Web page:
Objectives: This study uses latent profile transition analysis (LPTA) to identify sensory subtypes, assess their stability overtime, and presents association of the subtypes to child characteristics and functional outcomes (i.e.,Vineland Adaptive Behavior Scale-II (VABS) and Parenting Stress Index Short Form (PSI)).
Methods: Data were collected from participants with ASD, ages 2-12, at two time points (Time 1, n= 1307, Time 2, n=884), one year apart as part of a national online survey. A confirmatory factor analysis (CFA), of the Sensory Experience Questionnaire-3.0 (SEQ-3.0) yielded four factors of sensory response patterns (i.e., hyporesponsiveness; HYPO, hyperresponsiveness; HYPER, sensory interests, repetitions, and seeking behavior; SIRS, and enhanced perception; EP). These scores were exported for an LPTA. Previous literature, latent profile analysis (LPA) from both time points, LPTA with multiple profile solutions, and assessing statistical fit (AIC, BIC, Lo-Mendell-Rubin test, entropy, and the Bootstrap Likelihood Ratio Test) were used to determine the appropriate number of distinct subtypes overtime. The final LPTA was run with select child and family covariates as well as outcome measures.
Results: Four distinct sensory subtypes were supported by statistical measures and theoretical/clinical models. Participants (n=971, 91%) remained stable in their sensory subtype across one year. The first subtype (n=297, 31%) described children who scored low on all sensory patterns, while the second subtype (n=189, 19%) showed the opposite profile, with high scores in all four sensory patterns. The third subtype (n=294, 30%) scored very close to the mean on all patterns, with a tendency to score low on HYPO and SIRS, but higher on HYPER and EP. The fourth subtype (n=191, 20%) had the opposite pattern of the third subtype with scores more extreme on HYPO and SIRS. The four sensory subtypes related differentially to outcome measures. The first subtype (81.38) had the highest VABS Adapted Behavior Composite score, followed by the third (79.84), second (70.65), and fourth (61.56) subtypes. The first and third subtypes were not significantly different. However, the second and fourth subtypes were significantly different from each other as well as the other two subtypes. The first (89.05) subtype had the lowest PSI total score followed by the third (96.64), fourth (103.15), and second (108.97) subtype. The second and fourth subtypes were not significantly different from each other. However, the first and third subtypes were significantly different from each other as well as the other two subtypes.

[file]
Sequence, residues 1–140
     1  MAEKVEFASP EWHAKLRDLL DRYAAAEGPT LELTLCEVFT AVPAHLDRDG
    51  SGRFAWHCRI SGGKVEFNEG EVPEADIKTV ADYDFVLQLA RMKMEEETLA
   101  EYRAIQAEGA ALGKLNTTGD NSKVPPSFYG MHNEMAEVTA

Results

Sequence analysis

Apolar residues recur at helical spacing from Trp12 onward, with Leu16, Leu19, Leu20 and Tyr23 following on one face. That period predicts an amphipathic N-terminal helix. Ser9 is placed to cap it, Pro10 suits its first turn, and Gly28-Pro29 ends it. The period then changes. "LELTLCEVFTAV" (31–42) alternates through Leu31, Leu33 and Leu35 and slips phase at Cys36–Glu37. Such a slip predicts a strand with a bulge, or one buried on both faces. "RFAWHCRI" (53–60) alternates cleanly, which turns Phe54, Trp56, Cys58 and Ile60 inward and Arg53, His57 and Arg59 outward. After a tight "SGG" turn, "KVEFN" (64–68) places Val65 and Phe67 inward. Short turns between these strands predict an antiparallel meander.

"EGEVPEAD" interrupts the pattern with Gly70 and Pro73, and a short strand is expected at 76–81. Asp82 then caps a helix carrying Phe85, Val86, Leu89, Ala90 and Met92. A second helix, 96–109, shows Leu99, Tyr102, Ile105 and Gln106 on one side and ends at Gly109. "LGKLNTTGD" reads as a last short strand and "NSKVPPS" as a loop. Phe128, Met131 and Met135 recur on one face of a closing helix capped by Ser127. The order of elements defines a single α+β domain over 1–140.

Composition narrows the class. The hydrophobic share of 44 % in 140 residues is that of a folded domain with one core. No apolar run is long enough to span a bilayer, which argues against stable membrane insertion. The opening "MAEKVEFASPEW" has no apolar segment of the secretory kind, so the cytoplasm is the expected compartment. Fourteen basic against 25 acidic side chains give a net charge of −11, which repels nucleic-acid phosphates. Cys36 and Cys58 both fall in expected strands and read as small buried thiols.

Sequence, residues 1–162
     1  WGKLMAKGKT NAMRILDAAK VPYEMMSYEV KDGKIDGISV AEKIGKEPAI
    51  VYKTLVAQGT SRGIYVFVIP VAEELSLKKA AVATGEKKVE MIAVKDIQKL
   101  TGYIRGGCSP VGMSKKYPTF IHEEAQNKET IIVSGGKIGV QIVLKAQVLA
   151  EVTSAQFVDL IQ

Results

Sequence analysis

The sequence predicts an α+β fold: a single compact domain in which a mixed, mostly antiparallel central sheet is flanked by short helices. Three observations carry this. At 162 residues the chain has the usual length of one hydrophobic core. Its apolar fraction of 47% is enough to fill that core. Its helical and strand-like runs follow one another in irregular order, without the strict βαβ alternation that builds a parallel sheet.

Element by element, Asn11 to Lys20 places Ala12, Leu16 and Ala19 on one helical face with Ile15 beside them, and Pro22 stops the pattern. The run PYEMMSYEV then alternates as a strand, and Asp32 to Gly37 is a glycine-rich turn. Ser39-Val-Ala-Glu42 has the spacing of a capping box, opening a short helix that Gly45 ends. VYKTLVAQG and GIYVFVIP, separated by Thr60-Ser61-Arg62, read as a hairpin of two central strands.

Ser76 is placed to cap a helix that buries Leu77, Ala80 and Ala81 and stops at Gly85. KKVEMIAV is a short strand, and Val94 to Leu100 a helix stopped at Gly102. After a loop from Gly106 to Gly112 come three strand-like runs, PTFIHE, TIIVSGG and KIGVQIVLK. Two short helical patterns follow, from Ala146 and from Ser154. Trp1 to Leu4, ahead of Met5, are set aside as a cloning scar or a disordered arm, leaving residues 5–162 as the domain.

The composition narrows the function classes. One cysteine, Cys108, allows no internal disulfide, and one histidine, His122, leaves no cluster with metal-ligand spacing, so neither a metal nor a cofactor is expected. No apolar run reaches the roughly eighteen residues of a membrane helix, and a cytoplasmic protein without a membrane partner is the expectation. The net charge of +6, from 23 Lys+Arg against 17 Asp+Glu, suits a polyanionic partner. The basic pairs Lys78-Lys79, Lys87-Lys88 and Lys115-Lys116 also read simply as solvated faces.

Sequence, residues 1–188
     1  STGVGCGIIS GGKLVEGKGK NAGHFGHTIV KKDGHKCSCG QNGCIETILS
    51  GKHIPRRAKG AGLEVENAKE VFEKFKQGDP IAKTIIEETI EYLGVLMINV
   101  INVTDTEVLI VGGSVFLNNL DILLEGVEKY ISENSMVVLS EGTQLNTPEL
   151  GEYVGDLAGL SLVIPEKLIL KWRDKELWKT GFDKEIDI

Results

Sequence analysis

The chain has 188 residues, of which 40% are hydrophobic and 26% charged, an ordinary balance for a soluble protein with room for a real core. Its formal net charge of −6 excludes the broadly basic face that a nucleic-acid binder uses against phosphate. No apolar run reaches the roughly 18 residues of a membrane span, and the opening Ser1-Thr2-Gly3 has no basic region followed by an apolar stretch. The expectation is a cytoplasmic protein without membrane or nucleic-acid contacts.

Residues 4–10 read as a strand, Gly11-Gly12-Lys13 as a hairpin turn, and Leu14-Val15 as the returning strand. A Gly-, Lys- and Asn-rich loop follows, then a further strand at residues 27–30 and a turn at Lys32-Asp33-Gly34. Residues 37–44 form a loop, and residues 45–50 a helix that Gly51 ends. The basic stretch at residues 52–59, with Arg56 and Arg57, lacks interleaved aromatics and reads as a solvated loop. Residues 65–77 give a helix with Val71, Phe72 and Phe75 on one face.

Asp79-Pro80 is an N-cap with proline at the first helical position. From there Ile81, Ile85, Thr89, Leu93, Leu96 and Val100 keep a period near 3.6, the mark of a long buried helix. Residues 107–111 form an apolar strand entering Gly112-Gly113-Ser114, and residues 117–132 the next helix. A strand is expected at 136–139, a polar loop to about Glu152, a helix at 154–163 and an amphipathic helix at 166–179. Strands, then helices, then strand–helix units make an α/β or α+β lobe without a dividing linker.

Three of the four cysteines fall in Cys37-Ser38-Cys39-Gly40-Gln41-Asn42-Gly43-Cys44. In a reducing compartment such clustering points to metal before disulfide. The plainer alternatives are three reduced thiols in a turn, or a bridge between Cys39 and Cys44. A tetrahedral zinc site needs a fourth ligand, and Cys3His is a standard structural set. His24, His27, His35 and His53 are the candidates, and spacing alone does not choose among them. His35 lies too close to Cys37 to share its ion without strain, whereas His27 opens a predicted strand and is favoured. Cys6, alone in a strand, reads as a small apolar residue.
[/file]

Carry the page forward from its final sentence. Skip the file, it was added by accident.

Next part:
Conclusions: The LPTA identified four distinct sensory subtypes that were stable over one year in a population of children ages 2-12 with ASD. The identification of homogenous sensory subtypes and characterization of children within their subtype to functional outcomes and demographic variables will lead to improved assessment, treatment and potentially inform biological mechanisms.
See more of: Clinical Phenotype
See more of: Symptoms, Diagnosis & Phenotype